What does 2016 have in store with regards to Employment Law?
Well employers will see key employment law changes affecting pay, including the new national living wage, reporting requirements around gender pay gaps, and new rules on exit payments for public-sector workers. Other reforms include amended rules relating to trade unions, new rules on apprenticeships and Regulations addressing avoidance of the ban on exclusivity clauses in zero hours contracts.
Below is a summary of key legislation dates:
Redress for workers punished for breaching exclusivity clause
Regulations come into force on 11 January 2016 to enable workers who suffer a detriment or are dismissed as a result of breaching an exclusivity clause in a zero hours contract to make a complaint to an employment tribunal.
Gender pay reporting details revealed
Regulations must be introduced by 26 March 2016 that will require employers with 250 or more employees to publish information about their gender pay gaps.
National living wage introduced
A new compulsory national living wage, which works as the top rate of the national minimum wage, is introduced on 1 April 2016 for workers aged 25 and over.
Duty to prepare modern slavery statement takes effect
The duty to prepare a slavery and human trafficking statement (which has been in force since 29 October 2015) applies in relation to financial years ending on or after 31 March 2016. This will begin to take effect for employers from 1 April 2016, depending on the timing of their financial year.
Penalty for failure to pay national minimum wage doubled
Draft Regulations double the penalty for non-payment of the national minimum wage and the national living wage for pay reference periods starting on or after 1 April 2016.
Statutory maternity, paternity, adoption and shared parental pay frozen
The weekly rate of statutory maternity pay, statutory paternity pay, statutory adoption pay and statutory shared parental pay does not increase for 2016/17.
Statutory sick pay frozen
The weekly rate of statutory sick pay does not increase for 2016/17.
Statutory redundancy pay may increase
The maximum amount of a week's pay for the purposes of calculating statutory redundancy pay, and other awards such as the basic award for unfair dismissal, is likely to increase on 6 April 2016.
Income tax and national insurance changes
In his Autumn Statement, the Chancellor announced the income tax rates and allowances and national insurance rates for 2016/17.
National minimum wage may rise
The national minimum wage may rise on 1 October 2016, subject to the prevailing economic conditions and the Low Pay Commission's report, which is due to be delivered to the Government in February 2016.
There are some legislative matters that are on the agenda and will be subject to some change and clarity and these are yet to be confirmed. An example of these are as follows:
Trade Union Bill comes into force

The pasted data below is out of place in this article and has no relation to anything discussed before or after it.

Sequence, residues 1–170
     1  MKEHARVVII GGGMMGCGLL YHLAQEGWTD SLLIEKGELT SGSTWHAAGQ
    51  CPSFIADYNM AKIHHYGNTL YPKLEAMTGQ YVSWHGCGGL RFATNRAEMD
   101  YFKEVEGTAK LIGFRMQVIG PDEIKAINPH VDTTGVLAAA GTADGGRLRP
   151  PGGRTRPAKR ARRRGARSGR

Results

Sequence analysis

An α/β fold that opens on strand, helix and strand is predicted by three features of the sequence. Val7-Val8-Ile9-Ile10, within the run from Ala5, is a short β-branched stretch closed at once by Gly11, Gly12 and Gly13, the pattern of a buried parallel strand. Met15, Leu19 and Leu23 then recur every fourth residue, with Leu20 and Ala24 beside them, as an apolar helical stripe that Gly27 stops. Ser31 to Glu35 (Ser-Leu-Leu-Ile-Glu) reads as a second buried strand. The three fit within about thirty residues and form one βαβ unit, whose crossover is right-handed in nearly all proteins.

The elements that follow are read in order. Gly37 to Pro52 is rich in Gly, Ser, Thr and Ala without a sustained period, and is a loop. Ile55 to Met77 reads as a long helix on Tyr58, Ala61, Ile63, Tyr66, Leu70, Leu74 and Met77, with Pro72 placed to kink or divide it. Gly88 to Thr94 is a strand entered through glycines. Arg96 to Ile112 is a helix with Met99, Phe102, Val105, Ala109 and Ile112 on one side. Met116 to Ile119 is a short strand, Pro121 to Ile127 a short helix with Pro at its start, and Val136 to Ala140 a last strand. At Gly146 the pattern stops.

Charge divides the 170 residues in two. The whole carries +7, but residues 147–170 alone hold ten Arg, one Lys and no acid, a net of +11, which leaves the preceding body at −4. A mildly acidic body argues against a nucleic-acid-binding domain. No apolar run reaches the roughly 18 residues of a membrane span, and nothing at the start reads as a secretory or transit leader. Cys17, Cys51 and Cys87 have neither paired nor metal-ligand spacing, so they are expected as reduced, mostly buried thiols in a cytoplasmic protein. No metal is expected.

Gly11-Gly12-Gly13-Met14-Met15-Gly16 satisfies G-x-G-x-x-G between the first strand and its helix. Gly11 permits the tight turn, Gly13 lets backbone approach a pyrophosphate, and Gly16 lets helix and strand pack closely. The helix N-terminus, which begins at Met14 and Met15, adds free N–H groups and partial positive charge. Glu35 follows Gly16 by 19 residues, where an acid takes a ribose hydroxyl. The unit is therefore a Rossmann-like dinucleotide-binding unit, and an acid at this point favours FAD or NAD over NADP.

The Trade Union Bill amends the law applying to trade unions, including changes relating to balloting thresholds and information requirements for industrial action.
Cap on public-sector exit payments introduced
A £95,000 cap on public-sector exit payments is due to be imposed. Draft Regulations set out the circumstances in which the cap applies.
New rules on apprenticeships come into force
To prevent misuse of the term "apprenticeship", the Enterprise Bill makes it an offence to describe a course or training as an apprenticeship in certain circumstances. The Bill also introduces the concept of apprenticeship targets for the public sector.
Immigration Bill introduced
The Immigration Bill aims to address illegal working, including by making it an offence and creating a new role of director of labour market enforcement. It also establishes an English-language requirement for public-sector employees who work directly with the public.
There are notable employment law decisions pending on holiday pay, collective redundancy consultation, whistleblowing, employment tribunal fees, and third-party objections to religious dress.
Holiday pay: EAT judgment expected on commission
Judgment is eagerly awaited in Lock v British Gas Trading Ltd, in which the Employment Appeal Tribunal (EAT) is considering the inclusion of commission in holiday pay calculations.
Court of Appeal to examine HR's role in disciplinaries
When does an HR professional's advice in disciplinary proceedings spill over into improperly influencing the outcome? The Court of Appeal is expected to provide guidance in Ramphal v Department for Transport.
Court of Appeal to consider timing of redundancy consultation
HR professionals will be hoping that the Court of Appeal provides guidance on the timing of redundancy consultation in its forthcoming ruling in United States of America v Nolan.
Whistleblowing: further guidance on what is "in the public interest"
A key issue in case law at the moment is what counts as being "in the public interest" under whistleblowing legislation. The Court of Appeal is to decide if the EAT's liberal approach in Chesterton Global Ltd (t/a Chestertons) and another v Nurmohamed was the correct one.
Last chance for Unison in tribunal fees challenge
The challenge to employment tribunal fees reaches the highest court in the land when Unison argues in the Supreme Court that the fees system is discriminatory.
ECJ to consider third-party objections to religious dress
What does an employer do if a client objects to an employee wearing religious dress while on its site? The European Court of Justice is due to consider this issue in Bougnaoui v Micropole Univers.
Hopefully the above pointer and dates have provided to be useful and the dates are now pencilled in your diaries as this year sees some dramatic changes ahead.